Ralph Gardner Jr: Every Picture Frame Tells A Story

May 5, 2018

A Hudson Valley landscape by Page Curry Ginns
Credit Ralph Gardner Jr.

I’m going public with my addiction because it needs to be nipped in the bud. If I don’t acknowledge it now there’s no telling how much it will end up costing me.

It’s not pills or booze. It’s picture frames. 

Not so much the frames themselves as the aesthetic pleasure I get from taking something that I’d wedged in whatever old frame I happened to find in our basement – whether a painting, drawing or photograph – and getting it properly, professionally framed. 

My go-to guy is a framer with a shop conveniently located on my corner in New York City. 

I arrive with the object in question and consult with him as we try out different treatments – be they conventional frames, shadow boxes, whatever. 

Given the amount of deliberation and mental energy I devote to the exercise you might think I was bringing in the Mona Lisa or Ansel Adams’ “Moonrise, Hernandez, New Mexico.”

Fortunately, the shop’s owner indulges me. I think it has less to do with wanting to keep me on the hook, hoping I’ll frame every last work of art in my house until I’m totally broke or my family forces me into rehab, than that he’s the chatty sort. Mostly about politics.

I often pass his shop at night and he’s still working. But I suspect that has less to do with the volume of work than because he spends normal business hours gabbing with customers.

But he acknowledged that business is good. Which is saying something these days as more and more storefronts in New York City stand vacant, the reasons apparently including greedy landlords that demand high rents and the toll online shopping has taken on retail.

I’m vaguely aware that you can also shop for picture frames online. But I’m not sure how that would work. There are so many options and combinations when it comes to framing an object, not just the frame but the matting, the margins, the type of glass, that it requires a consultative process. Sort of like when you have plastic surgery, I assume, though I haven’t. Yet. My understanding is that can become an addiction, too.

And mind you I’m not choosing among elaborate Renaissance gold frames; we’re normally talking white, cream, or beige and in metal or wood. The frame shop owner, if he wasn’t such a friendly, loquacious fellow, would be perfectly within his rights to set a timer and tell me you’ve got ten minutes and then you’re out of here.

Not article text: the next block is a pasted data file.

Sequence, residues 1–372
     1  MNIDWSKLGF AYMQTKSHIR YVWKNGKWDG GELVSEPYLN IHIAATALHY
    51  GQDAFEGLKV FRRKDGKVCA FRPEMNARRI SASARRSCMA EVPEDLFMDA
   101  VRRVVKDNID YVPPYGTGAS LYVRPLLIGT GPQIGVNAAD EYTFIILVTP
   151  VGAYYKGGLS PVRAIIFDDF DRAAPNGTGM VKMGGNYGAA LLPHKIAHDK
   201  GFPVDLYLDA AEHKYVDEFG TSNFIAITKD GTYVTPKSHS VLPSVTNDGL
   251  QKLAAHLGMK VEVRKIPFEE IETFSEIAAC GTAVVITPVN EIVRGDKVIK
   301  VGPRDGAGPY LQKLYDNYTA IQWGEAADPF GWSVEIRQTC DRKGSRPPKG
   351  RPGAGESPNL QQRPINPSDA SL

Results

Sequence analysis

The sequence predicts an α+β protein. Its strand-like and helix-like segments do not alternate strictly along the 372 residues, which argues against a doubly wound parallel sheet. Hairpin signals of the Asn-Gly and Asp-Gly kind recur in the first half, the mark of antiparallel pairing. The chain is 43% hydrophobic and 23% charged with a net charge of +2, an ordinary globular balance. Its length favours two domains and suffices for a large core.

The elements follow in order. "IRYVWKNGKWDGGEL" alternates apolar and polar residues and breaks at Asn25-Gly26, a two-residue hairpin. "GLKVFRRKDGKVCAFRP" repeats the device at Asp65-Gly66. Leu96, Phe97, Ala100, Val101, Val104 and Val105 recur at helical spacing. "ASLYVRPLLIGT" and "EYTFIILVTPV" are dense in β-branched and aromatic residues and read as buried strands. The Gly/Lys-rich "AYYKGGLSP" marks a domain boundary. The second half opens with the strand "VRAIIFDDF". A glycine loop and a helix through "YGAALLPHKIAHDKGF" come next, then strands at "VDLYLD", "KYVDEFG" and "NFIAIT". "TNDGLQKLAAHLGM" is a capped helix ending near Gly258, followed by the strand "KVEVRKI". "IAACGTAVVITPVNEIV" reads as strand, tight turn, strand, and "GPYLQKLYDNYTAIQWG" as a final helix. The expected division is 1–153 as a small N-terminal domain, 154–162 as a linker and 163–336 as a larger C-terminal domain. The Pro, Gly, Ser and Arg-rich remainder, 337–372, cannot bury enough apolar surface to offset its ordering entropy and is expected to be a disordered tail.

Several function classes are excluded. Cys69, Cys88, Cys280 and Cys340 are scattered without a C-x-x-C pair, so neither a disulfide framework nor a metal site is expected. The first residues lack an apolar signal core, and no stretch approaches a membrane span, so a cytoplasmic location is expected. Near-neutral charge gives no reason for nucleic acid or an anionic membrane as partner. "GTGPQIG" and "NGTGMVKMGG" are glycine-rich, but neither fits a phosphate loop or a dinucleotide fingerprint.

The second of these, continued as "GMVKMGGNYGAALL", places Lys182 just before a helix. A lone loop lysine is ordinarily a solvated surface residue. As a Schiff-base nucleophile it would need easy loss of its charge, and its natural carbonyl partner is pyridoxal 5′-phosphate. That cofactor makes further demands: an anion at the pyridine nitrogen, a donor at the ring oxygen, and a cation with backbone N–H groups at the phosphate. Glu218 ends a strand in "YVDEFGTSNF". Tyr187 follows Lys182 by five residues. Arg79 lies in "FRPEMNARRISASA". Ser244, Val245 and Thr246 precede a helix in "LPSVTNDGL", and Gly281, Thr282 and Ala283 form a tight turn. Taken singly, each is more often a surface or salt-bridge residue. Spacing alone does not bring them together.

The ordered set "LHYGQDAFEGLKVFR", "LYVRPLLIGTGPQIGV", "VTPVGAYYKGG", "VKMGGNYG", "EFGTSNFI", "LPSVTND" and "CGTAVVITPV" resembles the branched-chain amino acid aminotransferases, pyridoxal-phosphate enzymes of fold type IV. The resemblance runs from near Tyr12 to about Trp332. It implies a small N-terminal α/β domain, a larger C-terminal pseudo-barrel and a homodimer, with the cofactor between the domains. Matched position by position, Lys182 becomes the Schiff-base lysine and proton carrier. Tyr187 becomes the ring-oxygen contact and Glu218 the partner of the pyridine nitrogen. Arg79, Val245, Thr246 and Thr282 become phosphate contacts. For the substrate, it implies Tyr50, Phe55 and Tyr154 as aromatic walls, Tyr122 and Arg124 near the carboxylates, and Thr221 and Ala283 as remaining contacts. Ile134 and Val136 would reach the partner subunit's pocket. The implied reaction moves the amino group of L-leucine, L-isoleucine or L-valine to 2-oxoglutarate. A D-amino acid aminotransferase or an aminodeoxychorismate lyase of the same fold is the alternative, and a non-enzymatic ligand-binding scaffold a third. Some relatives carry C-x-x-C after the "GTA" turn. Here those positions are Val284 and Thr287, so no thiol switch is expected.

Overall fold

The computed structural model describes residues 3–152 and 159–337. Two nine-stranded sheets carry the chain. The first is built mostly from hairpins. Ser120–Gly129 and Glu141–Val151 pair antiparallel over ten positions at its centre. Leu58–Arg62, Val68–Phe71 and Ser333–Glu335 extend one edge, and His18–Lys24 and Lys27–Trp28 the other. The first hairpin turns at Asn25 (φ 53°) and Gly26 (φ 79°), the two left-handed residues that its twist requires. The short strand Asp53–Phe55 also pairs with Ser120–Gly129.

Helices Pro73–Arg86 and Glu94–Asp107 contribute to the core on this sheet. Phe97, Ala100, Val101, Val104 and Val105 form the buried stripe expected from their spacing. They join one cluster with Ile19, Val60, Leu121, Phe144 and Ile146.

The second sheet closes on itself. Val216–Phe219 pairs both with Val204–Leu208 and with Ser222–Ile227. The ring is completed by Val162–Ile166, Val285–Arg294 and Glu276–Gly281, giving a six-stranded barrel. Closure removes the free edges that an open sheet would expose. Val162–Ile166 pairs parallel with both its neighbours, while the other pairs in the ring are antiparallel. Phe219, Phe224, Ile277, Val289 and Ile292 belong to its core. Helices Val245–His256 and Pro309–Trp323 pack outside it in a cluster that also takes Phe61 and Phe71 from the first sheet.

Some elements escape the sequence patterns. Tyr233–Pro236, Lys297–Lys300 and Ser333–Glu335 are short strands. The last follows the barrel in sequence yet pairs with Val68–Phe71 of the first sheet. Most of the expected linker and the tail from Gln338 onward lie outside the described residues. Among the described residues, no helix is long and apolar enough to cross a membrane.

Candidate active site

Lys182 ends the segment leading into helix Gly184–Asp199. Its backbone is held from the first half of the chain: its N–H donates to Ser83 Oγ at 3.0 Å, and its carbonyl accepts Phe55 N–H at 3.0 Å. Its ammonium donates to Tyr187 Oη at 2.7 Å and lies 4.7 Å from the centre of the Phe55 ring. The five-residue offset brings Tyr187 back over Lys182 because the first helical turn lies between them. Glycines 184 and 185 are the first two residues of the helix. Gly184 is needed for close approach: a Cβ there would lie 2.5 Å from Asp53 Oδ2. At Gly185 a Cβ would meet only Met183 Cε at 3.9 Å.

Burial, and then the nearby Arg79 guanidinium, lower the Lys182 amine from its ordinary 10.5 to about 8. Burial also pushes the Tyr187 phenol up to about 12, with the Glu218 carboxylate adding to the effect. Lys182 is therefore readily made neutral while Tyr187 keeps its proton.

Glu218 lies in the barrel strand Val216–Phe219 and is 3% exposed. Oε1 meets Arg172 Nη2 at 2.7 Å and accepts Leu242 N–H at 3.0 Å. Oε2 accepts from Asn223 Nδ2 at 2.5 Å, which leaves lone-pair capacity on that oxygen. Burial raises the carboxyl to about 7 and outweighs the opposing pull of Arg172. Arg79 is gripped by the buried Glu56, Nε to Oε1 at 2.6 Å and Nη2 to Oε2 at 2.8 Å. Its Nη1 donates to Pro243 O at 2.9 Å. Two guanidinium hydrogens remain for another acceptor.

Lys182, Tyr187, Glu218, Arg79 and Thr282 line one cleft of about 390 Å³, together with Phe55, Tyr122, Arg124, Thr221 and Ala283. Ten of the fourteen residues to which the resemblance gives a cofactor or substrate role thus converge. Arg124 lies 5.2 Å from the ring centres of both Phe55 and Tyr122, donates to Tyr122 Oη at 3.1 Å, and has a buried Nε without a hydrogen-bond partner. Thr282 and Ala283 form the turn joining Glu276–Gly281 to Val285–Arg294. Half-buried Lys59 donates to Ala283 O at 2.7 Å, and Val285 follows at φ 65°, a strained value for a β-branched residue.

Among the recently framed art works that give me the most pleasure is a Hudson Valley landscape by local artist Page Curry that required the bleached blond frame I chose to bring out the subtle colors; and a double-sided frame that I employed to protect the mimeographed invitation to the party where I met my future wife.

The reason that both sides of the humble parchment needed to be visible was that the front indicates the particulars of that primordial event, including this advisory – “beer & set ups will be provided” (in other words bring your own booze) – while the reverse, or “verso” as we say in the biz, displays, in my own intoxicated and now faded penmanship, Debbie’s name, address and phone number.

But what intrigues me most about picture frames is a question that verges on the philosophical. To put it succinctly, or at least make a feeble attempt, why do works of art look better within a frame than without?

Shouldn’t they be able to stand on their own merit?

It almost doesn’t matter the quality. If you’ve ever seen photographs of Picasso’s studio with dozens of completed instantly recognizable canvases stacked against each other – Les Demoiselles D’Avignon, studies for Guernica, whatever – even they look less important, almost disregardable, than once they find the right frame.

The subtle art of framing comes in choosing a border than draws the eye to the work of art in question rather than distract from it. A modest drawing, for example, won’t benefit from a garish intricately carved golden frame.

However, “Washington Crossing the Delaware,” by Emmanuel Leutze in the Metropolitan Museum would feel almost naked without its frame’s fourteen-foot carved eagle-topped crest.

There are probably a variety of reasons why frames matter. For starters, they draw attention to the work. They may as well have one of those pull strings on Cabbage Patch Kids that plead, “Hold my hand.”

OK, maybe not that cloying. How about, “Stop and look.”

And once that mission has been accomplished they focus the eye.

But frames also create boundaries, both physical and psychological. They’re subtly telling the viewer that they’re separate and distinct, that whoever it is that created the art within, or the individual or scene depicted, is the result of a curatorial process that has transformed chaos, arguably the default state of the universe, into occasionally exquisite composition, color and order.

So when you think of it, is a couple of hundred bucks so much to pay for that privilege and pleasure?

And if it’s a gateway drug, a gateway to what? The veneration of beauty? More, better art and their companion frames? The decision to redecorate your home completely? 

It could be worse. As far as I know there’s no known lethal dose of the satisfaction and gentle delight I experience when I pass a picture properly framed.

Ralph Gardner, Jr. is a journalist who divides his time between New York City and Columbia County. More of his work can be found at ralphgardner.com

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